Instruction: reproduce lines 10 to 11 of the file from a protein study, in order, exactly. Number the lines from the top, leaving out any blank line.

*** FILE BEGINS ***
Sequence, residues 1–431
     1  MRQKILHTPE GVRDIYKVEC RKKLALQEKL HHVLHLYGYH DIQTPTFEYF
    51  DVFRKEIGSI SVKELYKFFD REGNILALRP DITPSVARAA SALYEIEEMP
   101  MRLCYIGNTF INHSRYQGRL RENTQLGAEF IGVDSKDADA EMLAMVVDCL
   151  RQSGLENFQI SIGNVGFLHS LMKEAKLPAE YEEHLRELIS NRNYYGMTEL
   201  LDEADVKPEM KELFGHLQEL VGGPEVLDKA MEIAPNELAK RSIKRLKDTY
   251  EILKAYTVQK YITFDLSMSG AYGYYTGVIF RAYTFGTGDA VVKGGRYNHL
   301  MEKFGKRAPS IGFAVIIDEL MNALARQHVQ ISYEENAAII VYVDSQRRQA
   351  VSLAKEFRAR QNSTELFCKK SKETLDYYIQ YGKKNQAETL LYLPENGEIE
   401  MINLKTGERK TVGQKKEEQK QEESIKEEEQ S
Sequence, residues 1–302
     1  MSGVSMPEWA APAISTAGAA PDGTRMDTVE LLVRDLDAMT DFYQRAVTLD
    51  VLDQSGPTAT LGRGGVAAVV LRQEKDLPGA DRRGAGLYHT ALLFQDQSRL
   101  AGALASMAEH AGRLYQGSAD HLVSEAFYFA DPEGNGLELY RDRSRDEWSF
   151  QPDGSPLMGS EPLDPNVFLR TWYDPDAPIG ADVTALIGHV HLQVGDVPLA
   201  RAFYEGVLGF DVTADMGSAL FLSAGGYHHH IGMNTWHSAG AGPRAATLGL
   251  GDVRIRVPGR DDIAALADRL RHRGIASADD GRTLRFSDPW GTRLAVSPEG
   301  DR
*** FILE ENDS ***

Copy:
   401  MINLKTGERK TVGQKKEEQK QEESIKEEEQ S
Sequence, residues 1–302